JACKSON, Miss. – Attorneys gave closing arguments today in the U.S. District Court for the Southern District of Mississippi, concluding a five-week trial in Dockery, et al. v. Hall, et al., a class action lawsuit over conditions at the East Mississippi Correctional Facility in Meridian, Mississippi. Approximately 80 percent of the prisoners at the facility have mental illnesses. At trial, the American Civil Liberties Union, the Southern Poverty Law Center, the Law Offices of Elizabeth Alexander, and Covington & Burling LLP showed that the Mississippi Department of Corrections has inflicted preventable suffering on thousands of prisoners in violation of the Constitution’s prohibition on cruel and unusual punishment.
“The Mississippi Department of Corrections allows this prison to fail at even the most fundamental tasks: keeping prisoners safe and secure, treating mental illnesses, providing basic medical treatment, and providing a sanitary environment,” said Jody Owens, Southern Poverty Law Center managing attorney for Mississippi. “The result is a place so dangerous and so violent that it shocks corrections experts, yet the department keeps handing taxpayer money to private companies to run the prison and its services, rewarding them year after year for doing a horrific job.”
The defendant in Dockery, the Mississippi Department of Corrections, contracts with Management & Training Corporation (MTC), a private prison company, to operate East Mississippi Correctional Facility, and with the for-profit company Centurion to provide medical and mental health care to the prisoners. At trial, attorneys for the prisoners put on experts in the field of corrections who testified to the extreme inadequacies of MTC’s and Centurion’s performance and to the department of corrections’ knowledge of these shortcomings.
“The Mississippi Department of Corrections has a cruel way of handling prisoners with mental illnesses. It funnels them into the East Mississippi Correctional Facility, and then systematically neglects their needs for treatment,” said Eric Balaban, senior staff attorney with the ACLU’s National Prison Project. “When they become unstable due to lack of treatment, the prison punishes them with solitary confinement, which typically makes mental illness worse. Yet the state keeps writing checks to Centurion for this so-called ‘care.’”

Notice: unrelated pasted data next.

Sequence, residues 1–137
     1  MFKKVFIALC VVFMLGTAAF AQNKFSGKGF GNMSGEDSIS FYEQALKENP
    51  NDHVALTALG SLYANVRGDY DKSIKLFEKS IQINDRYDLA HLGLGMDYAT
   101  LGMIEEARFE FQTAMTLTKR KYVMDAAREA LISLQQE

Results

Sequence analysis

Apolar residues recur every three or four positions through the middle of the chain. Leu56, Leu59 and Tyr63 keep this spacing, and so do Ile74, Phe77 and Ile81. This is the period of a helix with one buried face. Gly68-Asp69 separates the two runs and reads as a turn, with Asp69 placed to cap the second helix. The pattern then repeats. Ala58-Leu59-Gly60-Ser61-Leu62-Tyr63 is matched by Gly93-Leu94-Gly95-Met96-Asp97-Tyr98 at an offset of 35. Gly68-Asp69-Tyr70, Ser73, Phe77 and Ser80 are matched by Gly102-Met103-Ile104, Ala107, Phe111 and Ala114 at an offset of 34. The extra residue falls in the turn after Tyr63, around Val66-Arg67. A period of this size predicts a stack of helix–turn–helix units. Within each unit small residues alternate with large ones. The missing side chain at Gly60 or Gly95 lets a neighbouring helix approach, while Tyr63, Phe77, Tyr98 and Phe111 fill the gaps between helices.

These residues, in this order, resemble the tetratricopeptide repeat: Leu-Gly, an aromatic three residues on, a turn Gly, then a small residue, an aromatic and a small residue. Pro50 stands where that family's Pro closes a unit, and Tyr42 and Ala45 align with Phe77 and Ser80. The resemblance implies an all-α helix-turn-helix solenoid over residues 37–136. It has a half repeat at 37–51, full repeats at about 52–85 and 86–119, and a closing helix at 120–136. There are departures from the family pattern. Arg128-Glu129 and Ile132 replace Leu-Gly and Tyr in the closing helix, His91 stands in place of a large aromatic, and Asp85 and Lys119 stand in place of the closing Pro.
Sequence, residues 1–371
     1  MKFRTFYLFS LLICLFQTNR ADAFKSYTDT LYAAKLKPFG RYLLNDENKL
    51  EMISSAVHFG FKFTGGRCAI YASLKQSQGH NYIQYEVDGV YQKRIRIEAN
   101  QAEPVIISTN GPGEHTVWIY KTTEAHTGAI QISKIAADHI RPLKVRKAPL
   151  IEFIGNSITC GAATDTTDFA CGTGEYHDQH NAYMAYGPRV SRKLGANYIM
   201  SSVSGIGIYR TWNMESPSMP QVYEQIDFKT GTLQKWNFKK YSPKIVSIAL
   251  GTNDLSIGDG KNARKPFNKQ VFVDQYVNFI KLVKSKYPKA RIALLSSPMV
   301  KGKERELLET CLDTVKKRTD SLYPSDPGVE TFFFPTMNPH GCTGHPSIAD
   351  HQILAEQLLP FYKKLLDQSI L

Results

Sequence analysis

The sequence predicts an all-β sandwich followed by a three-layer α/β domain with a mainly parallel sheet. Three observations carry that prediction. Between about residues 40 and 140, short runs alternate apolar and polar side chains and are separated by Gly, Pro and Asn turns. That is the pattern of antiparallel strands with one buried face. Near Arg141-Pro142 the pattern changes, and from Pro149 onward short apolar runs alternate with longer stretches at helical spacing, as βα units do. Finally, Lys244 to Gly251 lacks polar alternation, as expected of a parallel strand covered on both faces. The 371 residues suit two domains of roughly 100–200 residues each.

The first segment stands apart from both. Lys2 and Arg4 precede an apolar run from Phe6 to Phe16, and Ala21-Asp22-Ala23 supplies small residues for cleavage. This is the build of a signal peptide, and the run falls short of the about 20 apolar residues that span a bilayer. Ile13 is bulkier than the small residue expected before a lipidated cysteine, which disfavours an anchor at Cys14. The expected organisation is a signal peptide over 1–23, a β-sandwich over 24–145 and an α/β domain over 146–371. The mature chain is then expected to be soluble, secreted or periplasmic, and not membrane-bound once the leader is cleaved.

At trial, Mississippi Department of Corrections Chief Medical Officer Gloria Perry admitted that she has never visited East Mississippi Correctional Facility. Prisoners testified about being sexually assaulted and having to set fires to get medical attention due to the prison’s lack of staff. The department’s own testimony and documents showed gangs running many aspects of the prison.
“Because of the Mississippi Department of Corrections’ failure to address the unconstitutional conditions at the East Mississippi Correctional Facility, prisoners suffer irreparable harm that can make it even more difficult to re-enter society, in addition to worsened medical conditions that could have been treated, mental illnesses that have grown far worse, and psychological damage from being assaulted,” said Erin Monju, litigation associate at Covington & Burling LLP. “The department is causing suffering far beyond the prisoners’ sentences, also punishing families and communities.”
“The Mississippi Department of Corrections has let MTC and Centurion deny prisoners’ needs as human beings to the point of desperation and violence, making East Mississippi Correctional Facility a hazard to the health of prisoners and staff,” said Elizabeth Alexander, who has spent her career litigating on behalf of prisoners’ rights across the country.
The lawsuit, originally captioned Dockery v. Epps, was filed in 2013.
For legal documents and other information about Dockery v. Hall, see:
Southern Poverty Law Center: Docket for Dockery v. Hall
Covington & Burling